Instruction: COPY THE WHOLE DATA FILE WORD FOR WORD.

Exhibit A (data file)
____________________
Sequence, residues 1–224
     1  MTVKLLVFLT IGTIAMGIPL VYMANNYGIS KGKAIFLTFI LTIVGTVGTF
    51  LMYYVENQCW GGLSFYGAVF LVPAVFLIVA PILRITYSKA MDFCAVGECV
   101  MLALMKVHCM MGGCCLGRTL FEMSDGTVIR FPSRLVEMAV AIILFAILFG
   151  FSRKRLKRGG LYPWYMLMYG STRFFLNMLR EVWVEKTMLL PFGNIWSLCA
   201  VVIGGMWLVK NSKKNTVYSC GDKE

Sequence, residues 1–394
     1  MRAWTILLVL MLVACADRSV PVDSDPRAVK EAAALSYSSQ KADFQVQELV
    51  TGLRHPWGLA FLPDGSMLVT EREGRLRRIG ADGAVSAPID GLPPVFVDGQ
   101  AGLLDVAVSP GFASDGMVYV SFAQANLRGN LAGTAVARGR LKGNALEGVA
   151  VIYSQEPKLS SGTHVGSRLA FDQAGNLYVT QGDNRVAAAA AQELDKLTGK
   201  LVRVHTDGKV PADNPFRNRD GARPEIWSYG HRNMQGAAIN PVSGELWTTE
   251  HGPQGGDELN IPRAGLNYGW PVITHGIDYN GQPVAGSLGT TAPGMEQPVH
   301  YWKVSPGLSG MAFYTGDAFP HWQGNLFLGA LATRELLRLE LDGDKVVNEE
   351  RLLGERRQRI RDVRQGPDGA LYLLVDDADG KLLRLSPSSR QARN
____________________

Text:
Sequence, residues 1–224
     1  MTVKLLVFLT IGTIAMGIPL VYMANNYGIS KGKAIFLTFI LTIVGTVGTF
    51  LMYYVENQCW GGLSFYGAVF LVPAVFLIVA PILRITYSKA MDFCAVGECV
   101  MLALMKVHCM MGGCCLGRTL FEMSDGTVIR FPSRLVEMAV AIILFAILFG
   151  FSRKRLKRGG LYPWYMLMYG STRFFLNMLR EVWVEKTMLL PFGNIWSLCA
   201  VVIGGMWLVK NSKKNTVYSC GDKE

Sequence, residues 1–394
     1  MRAWTILLVL MLVACADRSV PVDSDPRAVK EAAALSYSSQ KADFQVQELV
    51  TGLRHPWGLA FLPDGSMLVT EREGRLRRIG ADGAVSAPID GLPPVFVDGQ
   101  AGLLDVAVSP GFASDGMVYV SFAQANLRGN LAGTAVARGR LKGNALEGVA
   151  VIYSQEPKLS SGTHVGSRLA FDQAGNLYVT QGDNRVAAAA AQELDKLTGK
   201  LVRVHTDGKV PADNPFRNRD GARPEIWSYG HRNMQGAAIN PVSGELWTTE
   251  HGPQGGDELN IPRAGLNYGW PVITHGIDYN GQPVAGSLGT TAPGMEQPVH
   301  YWKVSPGLSG MAFYTGDAFP HWQGNLFLGA LATRELLRLE LDGDKVVNEE
   351  RLLGERRQRI RDVRQGPDGA LYLLVDDADG KLLRLSPSSR QARN